Prototyping Board Turns Any Electro-Luminescent Material Into A Touch Sensor

Open-source prototyping board opens a world of new applications for motion-sensitive smart clothes

 

Right up there with the Internet of Things (IoT), one of the hottest areas of technology right now is wearable electronics. Similar to IoT, sensors and sensor interfaces drive the wearables market. This was obvious by the overwhelming success of the IoT and wearable-electronics educational tracks offered as Sensor Expo 2016 in San Jose, CA this past June.

Because of the popularity of these markets, there is no shortage of products being developed and hurled into the commercial space. What there is a shortage of are truly innovative and genuinely useful products. However, now and then, something emerges that has the ability to fit a wide range of useful and entertaining applications. Such is the case of the Whoa Board.

The Whoa Board is an Arduino IDE-compatible, open-source prototyping platform for wearable electronics. The platform, as per its creator, can turn any electro-luminescent (EL) material into a touch sensor with no additional hardware.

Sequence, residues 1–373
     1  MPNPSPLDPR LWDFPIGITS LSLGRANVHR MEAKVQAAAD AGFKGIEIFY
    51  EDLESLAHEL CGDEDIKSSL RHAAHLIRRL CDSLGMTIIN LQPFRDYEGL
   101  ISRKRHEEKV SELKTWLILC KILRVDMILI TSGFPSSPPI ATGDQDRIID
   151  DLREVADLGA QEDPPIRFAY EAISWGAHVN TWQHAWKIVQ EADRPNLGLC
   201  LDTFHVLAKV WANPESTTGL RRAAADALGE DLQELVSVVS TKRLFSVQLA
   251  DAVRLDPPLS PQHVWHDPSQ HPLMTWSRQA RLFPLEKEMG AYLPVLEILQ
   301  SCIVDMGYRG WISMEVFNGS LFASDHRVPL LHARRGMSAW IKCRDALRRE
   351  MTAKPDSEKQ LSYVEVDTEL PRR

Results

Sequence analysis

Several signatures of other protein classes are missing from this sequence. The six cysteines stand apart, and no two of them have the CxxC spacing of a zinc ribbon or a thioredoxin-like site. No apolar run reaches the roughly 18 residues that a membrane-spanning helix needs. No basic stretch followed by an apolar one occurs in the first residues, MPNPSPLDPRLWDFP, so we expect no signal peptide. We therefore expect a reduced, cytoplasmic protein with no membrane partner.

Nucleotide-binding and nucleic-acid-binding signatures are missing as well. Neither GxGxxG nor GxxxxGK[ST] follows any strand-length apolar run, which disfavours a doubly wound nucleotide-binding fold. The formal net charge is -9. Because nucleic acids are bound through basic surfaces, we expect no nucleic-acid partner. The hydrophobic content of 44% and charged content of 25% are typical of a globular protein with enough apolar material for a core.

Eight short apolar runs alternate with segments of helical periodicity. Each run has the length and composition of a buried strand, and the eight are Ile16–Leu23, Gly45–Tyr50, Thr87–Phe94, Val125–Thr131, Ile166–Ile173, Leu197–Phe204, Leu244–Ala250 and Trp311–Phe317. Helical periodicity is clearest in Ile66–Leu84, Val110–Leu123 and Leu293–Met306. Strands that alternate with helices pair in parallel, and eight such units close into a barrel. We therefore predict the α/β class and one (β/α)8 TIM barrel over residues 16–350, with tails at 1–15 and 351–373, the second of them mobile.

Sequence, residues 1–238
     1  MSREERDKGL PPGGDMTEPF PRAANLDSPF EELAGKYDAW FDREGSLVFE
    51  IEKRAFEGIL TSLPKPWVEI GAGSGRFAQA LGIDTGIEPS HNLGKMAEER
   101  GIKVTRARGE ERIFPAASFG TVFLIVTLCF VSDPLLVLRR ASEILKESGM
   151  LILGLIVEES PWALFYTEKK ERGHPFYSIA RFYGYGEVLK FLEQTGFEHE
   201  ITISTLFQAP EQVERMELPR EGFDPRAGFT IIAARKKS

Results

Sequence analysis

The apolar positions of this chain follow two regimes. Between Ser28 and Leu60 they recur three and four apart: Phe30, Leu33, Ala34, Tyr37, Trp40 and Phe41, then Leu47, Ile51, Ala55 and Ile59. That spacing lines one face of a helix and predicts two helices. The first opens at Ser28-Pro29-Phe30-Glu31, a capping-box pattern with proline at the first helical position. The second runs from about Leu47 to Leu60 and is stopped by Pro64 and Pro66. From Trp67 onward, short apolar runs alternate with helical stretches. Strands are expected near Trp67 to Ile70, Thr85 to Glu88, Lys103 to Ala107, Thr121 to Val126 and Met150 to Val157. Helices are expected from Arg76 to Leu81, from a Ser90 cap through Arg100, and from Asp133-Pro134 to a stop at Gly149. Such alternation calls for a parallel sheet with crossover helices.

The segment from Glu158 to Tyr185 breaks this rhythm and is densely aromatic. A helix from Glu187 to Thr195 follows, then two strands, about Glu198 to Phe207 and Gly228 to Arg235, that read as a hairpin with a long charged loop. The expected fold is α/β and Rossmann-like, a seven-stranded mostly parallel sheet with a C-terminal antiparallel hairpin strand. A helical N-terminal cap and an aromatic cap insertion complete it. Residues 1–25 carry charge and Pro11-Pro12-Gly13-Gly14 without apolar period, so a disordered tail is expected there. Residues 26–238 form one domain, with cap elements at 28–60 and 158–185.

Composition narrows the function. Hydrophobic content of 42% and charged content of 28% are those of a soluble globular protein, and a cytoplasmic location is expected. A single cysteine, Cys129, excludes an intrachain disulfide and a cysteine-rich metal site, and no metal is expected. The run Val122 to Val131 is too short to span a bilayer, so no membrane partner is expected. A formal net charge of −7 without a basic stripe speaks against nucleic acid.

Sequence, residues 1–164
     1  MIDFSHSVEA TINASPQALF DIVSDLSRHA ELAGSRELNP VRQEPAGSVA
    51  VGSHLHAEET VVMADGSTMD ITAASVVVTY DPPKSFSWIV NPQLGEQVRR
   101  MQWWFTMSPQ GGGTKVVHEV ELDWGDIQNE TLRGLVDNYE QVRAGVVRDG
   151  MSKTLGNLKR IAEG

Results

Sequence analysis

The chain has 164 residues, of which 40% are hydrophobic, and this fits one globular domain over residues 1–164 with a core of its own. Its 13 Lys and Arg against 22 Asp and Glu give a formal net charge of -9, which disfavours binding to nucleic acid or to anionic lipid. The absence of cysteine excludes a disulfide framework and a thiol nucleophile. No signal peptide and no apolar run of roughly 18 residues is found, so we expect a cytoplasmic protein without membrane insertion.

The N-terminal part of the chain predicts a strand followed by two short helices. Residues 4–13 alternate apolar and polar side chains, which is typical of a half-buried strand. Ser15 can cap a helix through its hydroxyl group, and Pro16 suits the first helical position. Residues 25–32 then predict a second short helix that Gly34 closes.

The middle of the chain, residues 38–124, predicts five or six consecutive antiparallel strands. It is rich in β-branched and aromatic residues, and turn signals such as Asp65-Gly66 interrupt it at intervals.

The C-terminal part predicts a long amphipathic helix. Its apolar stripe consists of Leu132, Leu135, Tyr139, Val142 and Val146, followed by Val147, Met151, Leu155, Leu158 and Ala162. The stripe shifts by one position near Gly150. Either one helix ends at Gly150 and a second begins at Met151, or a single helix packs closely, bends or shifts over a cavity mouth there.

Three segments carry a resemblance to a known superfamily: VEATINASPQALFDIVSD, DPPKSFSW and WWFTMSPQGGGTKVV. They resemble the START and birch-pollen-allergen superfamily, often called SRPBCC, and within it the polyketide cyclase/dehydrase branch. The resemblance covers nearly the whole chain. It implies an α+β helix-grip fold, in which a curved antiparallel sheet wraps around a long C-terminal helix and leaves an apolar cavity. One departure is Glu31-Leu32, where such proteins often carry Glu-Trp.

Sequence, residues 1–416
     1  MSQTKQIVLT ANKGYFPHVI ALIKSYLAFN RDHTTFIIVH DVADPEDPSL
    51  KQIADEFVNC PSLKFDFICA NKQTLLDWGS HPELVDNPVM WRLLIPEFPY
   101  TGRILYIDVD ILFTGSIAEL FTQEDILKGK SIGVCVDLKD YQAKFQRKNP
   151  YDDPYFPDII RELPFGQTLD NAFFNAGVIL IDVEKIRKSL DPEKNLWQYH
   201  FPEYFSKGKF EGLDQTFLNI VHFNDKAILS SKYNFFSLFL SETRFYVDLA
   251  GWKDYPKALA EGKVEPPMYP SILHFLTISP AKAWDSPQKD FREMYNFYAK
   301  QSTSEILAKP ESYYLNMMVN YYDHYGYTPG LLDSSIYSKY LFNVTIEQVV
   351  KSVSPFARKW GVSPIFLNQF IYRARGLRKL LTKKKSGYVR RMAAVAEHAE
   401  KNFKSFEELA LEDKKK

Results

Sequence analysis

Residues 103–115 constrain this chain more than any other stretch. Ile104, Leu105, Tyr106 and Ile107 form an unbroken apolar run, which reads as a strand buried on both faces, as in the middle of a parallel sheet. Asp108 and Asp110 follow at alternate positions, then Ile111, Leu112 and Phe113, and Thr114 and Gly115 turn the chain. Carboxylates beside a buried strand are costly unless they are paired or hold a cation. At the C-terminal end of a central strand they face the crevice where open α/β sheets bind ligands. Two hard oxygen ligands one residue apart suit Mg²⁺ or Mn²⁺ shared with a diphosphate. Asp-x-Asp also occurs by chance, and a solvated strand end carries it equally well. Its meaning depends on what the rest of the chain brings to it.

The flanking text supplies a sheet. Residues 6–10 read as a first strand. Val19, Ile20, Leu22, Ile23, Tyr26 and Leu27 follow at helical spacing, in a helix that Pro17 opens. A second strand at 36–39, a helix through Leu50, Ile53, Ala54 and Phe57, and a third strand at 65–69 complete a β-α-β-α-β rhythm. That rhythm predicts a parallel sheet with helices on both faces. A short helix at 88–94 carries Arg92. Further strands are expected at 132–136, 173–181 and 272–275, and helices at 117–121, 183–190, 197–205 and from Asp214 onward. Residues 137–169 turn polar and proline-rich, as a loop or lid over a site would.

Touch sensing is accomplished via a high-voltage-tolerant capacitive sensing circuit. The circuit is fast enough to perform measurements while the EL material (EL wire, tape, panel, or paint) is glowing and sensitive enough to detect capacitive changes resulting from motion in wearable EL elements. It is also wireless ready, enabling the development of mesh networked wearables. Also notable, it can perform capacitive measurements on ELs driven from an integrated or an external supply.  Deriving power from any 3V to 6V supply, the circuit is programmable directly over a micro-USB interface.

Current applications for the board include motorcycle jackets with integrated turn signals that can be triggered with the shrug of a shoulder, egress lighting that can be triggered anywhere with touch, fabric music controllers, and motion sensitive performance wear.  With a bit of imagination, one can easily see many other potential applications, with medical, traveler safety, and communications topping the list.

The Whoa Board is currently on kickstarter.  For more information, and to see some videos of the Whoa Board in action, CLICK HERE.

 

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